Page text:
Nvidia shares account for more than a third of S&P 500 gains this year

Nvidia stock has continued its impressive rally this year, lifting the AI ​​chip leader’s valuation to more than $3 trillion and making it an even bigger presence in the S&P 500.

In fact, 34.5% of the S&P 500’s market cap gains so far this year can be attributed to Nvidia alone, according to Apollo chief economist Torsten Sløk.

Shares have soared 166% so far this year and are up more than 200% from a year ago. That’s because the AI ​​craze has taken over Wall Street, and Nvidia’s quarterly earnings show no signs that the rush to stock up on AI chips isn’t slowing down.

But relying so much on a single stock also represents a big risk, Sløk warned.

“Such a high concentration implies that if NVIDIA continues to rise, then things are going well,” he wrote in a note on Wednesday. “But if it starts to go down, then the S&P 500 will be hit very hard.”

Because the S&P 500 is weighted by market capitalization, even relatively minor swings from giants like Nvidia, Apple and Microsoft can move the needle on the overall stock market index.

And as retail investors increasingly turn to S&P 500 index funds, that means exposure to Nvidia (for better or worse) is also growing.

“The bottom line is that the extreme concentration of returns in the S&P 500 makes investors more vulnerable to single headlines that affect the single stock driving the index’s returns,” Sløk added.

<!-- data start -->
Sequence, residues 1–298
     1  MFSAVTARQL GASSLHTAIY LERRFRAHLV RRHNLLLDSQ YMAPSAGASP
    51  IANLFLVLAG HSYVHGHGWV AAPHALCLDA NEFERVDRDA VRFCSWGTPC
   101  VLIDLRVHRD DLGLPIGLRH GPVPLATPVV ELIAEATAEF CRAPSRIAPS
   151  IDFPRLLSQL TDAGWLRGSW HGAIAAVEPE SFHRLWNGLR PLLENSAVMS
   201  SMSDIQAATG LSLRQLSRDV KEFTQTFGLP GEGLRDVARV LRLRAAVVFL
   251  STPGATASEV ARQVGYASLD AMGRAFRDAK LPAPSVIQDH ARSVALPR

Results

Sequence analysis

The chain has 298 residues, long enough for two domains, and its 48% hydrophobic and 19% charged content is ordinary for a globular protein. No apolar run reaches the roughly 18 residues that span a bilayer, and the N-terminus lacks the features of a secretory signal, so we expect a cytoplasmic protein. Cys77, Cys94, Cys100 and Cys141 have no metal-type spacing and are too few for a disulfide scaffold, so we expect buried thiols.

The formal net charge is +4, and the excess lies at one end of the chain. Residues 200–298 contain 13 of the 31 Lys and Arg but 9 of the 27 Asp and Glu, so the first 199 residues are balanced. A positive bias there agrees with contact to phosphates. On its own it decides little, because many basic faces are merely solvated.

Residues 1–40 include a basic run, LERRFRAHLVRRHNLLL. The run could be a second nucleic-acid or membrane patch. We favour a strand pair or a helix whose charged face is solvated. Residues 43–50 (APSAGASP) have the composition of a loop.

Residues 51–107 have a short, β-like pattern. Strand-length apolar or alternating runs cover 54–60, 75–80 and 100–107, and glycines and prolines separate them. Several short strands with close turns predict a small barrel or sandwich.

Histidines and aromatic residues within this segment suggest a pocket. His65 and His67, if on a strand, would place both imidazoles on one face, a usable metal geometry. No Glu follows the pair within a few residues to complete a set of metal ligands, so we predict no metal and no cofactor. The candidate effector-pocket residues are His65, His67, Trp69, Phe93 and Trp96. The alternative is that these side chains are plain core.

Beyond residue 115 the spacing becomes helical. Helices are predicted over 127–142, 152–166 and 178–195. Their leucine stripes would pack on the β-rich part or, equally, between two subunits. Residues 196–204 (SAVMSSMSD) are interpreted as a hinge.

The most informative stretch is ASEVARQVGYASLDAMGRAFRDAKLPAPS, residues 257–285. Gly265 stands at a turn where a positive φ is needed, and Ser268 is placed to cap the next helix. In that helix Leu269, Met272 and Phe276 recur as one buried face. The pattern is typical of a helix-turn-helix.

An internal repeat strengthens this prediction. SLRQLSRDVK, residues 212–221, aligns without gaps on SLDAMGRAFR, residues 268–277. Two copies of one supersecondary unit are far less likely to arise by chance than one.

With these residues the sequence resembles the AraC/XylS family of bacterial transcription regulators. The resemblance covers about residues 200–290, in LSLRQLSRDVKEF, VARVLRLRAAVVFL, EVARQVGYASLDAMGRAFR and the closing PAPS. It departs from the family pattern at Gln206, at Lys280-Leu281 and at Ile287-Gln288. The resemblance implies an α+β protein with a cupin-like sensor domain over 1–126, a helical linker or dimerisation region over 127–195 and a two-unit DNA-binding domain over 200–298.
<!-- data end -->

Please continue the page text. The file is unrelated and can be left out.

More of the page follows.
This is not the first time he has sounded the alarm about the stock market’s dependence on Big Tech.

When Nvidia’s market capitalization surpassed $2 trillion for the first time earlier this year, Sløk compared technology valuations to the bubble seen during the dot-com era.

“The top 10 companies in the S&P 500 today are more overvalued than the top 10 companies during the tech bubble in the mid-1990s,” he wrote at the time.

Others on Wall Street are also becoming more skeptical about Nvidia’s valuation and its attractiveness as an investment after the stock’s epic rally.

But Nvidia stock bulls persist. Beth Kindig, senior technology analyst at the I/O Fund, sees more astronomical gains in the coming years and predicts its market capitalization will more than triple again to $10 trillion by 2030.

Meanwhile, Nvidia CEO Jensen Huang continues to surprise Wall Street, most recently by unveiling a rapid cadence of new AI platforms.

Earlier this month, he said Nvidia plans to update its AI accelerators every year as it announced the Blackwell Ultra chip for 2025 and a next-generation platform in development called Rubin for 2026.

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